Willful Conduct Alleged Against Pharmaceutical Giant in Firing 30-Year Sales Rep
MILWAUKEE – Abbott Laboratories, a major Illinois-based maker of drugs and medical products, unlawfully fired a 30-year employee because of his age, the U.S. Equal Employment Opportunity Commission (EEOC) alleges in a complaint filed today in U.S. District Court in Milwaukee.
According to the EEOC’s suit, John Ziegler, then 54, a sales representative working for Abbott in Wisconsin, was subjected to age bias and stereotypes in regard to his performance, and was terminated and replaced by a younger employee with less education and less experience. The EEOC said Ziegler was willfully fired because of his age, in violation of the Age Discrimination in Employment Act (ADEA).
The EEOC filed suit after first attempting to reach a pre-litigation settlement through its conciliation process. The case, Equal Employment Opportunity Commission v. Abbott Laboratories , Case No. 10-C-0833 (E.D. Wis.), has been assigned to U.S. District Judge Randa. It will be litigated by attorneys in the EEOC’s Milwaukee Area Office.
“Smart employers know that—even in difficult economic times—they cannot balance their books on the backs of older workers and attempt to cover up age discrimination by saying they need employees with more ‘energy’ or ‘excitement,’ said John Hendrickson, regional attorney for the Chicago District Office, which oversees the agency’s Milwaukee operation. “We hope this case will make clear that workers who are doing their jobs cannot be dumped just because somebody mistakenly believes that age bias will work as a management technique. It’s not going to fly.”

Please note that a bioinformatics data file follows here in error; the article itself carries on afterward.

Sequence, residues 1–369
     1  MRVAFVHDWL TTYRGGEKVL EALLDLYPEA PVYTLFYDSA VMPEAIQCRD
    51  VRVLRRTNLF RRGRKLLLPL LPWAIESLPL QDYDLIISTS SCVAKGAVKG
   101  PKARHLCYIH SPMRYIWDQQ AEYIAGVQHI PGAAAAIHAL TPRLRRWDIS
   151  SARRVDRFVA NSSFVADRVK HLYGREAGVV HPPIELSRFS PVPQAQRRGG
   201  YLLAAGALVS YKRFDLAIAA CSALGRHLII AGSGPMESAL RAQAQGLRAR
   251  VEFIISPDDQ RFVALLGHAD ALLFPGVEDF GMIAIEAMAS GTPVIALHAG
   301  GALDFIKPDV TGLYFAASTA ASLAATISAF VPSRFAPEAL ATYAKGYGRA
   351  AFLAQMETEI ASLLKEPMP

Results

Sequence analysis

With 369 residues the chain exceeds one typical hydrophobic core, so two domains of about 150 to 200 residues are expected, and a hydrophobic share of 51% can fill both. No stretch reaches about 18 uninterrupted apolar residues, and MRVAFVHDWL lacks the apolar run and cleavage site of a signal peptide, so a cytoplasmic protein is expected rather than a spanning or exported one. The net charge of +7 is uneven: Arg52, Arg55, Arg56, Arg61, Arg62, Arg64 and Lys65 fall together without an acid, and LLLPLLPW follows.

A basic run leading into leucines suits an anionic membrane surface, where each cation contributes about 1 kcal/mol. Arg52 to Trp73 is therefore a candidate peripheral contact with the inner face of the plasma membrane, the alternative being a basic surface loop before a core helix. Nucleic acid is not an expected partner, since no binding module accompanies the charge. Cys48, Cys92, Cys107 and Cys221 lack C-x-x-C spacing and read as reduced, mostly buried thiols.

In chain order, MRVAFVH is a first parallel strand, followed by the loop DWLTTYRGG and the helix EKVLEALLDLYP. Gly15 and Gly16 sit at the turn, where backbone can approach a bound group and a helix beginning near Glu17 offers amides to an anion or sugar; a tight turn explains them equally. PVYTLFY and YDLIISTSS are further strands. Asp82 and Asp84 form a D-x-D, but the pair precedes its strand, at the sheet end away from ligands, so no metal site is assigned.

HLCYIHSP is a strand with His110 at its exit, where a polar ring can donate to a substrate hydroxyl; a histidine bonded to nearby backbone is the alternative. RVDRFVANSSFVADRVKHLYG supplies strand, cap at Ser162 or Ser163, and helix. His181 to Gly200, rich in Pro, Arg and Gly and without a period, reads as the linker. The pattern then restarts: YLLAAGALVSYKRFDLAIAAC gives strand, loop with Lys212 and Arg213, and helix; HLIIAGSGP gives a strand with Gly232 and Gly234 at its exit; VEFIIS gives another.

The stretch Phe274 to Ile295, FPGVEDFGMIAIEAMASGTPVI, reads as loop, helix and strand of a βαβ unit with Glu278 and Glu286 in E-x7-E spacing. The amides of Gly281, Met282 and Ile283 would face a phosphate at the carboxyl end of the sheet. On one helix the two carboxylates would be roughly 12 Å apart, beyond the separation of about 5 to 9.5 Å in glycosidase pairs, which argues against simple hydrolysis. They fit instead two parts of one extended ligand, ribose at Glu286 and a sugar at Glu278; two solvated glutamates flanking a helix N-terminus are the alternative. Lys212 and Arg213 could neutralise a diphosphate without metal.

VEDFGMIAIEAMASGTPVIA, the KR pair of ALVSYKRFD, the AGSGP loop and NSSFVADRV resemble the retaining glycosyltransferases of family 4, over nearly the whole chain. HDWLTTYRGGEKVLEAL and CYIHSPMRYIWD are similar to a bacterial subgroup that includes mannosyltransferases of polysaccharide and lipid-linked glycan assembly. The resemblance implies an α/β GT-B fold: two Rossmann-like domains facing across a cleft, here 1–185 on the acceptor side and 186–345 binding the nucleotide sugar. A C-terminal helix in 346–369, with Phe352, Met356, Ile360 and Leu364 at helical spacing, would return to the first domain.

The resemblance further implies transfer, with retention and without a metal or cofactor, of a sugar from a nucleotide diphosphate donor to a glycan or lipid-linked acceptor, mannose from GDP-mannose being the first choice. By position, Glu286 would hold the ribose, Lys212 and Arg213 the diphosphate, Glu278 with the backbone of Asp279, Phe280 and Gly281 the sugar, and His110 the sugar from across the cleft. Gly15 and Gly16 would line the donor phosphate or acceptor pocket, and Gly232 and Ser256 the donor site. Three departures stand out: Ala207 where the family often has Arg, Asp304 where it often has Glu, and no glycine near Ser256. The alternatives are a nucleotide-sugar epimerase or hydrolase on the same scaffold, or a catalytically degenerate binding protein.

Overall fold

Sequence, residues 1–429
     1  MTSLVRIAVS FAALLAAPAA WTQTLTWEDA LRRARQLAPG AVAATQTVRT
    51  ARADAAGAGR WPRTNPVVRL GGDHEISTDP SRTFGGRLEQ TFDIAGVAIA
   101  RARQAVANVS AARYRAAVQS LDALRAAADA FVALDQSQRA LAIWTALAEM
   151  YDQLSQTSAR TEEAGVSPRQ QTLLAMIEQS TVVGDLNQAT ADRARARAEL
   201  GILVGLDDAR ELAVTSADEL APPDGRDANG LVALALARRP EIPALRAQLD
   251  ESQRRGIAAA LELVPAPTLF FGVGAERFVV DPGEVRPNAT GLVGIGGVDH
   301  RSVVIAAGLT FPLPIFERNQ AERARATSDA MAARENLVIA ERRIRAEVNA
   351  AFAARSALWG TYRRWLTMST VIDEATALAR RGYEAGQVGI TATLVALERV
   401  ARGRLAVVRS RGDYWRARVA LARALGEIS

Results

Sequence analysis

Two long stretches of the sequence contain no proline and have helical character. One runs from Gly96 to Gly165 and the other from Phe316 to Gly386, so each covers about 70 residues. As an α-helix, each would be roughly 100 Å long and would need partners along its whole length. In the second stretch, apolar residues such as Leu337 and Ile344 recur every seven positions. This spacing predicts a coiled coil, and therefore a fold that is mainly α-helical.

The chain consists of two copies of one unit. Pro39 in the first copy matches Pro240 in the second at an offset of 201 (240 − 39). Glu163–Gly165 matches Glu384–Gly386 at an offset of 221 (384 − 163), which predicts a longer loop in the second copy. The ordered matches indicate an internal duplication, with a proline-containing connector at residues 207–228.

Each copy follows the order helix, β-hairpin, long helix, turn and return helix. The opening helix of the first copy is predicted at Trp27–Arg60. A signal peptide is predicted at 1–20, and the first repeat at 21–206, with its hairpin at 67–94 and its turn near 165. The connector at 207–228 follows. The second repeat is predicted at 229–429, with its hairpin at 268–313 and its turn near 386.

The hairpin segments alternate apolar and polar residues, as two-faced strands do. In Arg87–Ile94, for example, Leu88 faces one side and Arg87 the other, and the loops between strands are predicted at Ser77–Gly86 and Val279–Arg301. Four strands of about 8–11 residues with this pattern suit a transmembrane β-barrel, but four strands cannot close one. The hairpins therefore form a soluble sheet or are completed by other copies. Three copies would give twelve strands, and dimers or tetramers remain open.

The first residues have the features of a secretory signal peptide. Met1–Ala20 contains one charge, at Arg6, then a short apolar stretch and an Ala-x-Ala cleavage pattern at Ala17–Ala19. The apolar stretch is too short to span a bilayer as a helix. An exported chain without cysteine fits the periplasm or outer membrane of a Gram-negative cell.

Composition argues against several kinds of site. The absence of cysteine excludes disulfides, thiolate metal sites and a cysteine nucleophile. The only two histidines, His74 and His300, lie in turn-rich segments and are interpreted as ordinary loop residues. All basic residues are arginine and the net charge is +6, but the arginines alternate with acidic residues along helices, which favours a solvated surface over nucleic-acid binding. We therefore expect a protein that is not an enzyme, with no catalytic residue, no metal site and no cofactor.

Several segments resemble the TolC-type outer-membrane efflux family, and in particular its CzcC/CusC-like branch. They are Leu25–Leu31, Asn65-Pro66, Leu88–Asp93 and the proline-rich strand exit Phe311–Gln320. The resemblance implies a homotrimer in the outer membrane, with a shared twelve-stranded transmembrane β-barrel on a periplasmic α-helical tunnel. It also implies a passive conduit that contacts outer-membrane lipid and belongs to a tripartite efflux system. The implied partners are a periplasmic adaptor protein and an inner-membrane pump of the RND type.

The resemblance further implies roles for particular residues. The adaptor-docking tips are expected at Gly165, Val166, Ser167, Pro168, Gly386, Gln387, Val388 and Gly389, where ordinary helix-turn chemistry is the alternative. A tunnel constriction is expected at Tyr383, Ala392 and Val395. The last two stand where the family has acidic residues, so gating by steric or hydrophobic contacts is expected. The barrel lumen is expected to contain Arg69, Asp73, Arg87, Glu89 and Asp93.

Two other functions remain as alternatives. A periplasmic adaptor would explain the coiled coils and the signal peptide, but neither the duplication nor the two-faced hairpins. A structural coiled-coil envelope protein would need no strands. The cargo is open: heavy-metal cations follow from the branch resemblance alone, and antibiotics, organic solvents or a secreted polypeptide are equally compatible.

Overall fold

Jean P. Kamp, EEOC associate regional attorney, added, “Today’s work force has a lot of experienced people in it. In the ADEA, Congress guaranteed those older workers that so long as they are performing, they cannot be put on the street merely because of their age. That’s what today’s lawsuit is all about.”
The EEOC's Chicago District Office is responsible for processing charges of discrimination, administrative enforcement, and the conduct of agency litigation in Illinois, Wisconsin, Minnesota, Iowa and North and South Dakota, with Area Offices in Milwaukee and Minneapolis.
The EEOC is responsible for enforcing federal laws prohibiting employment discrimination. Further information about the EEOC is available on its web site at www.eeoc.gov.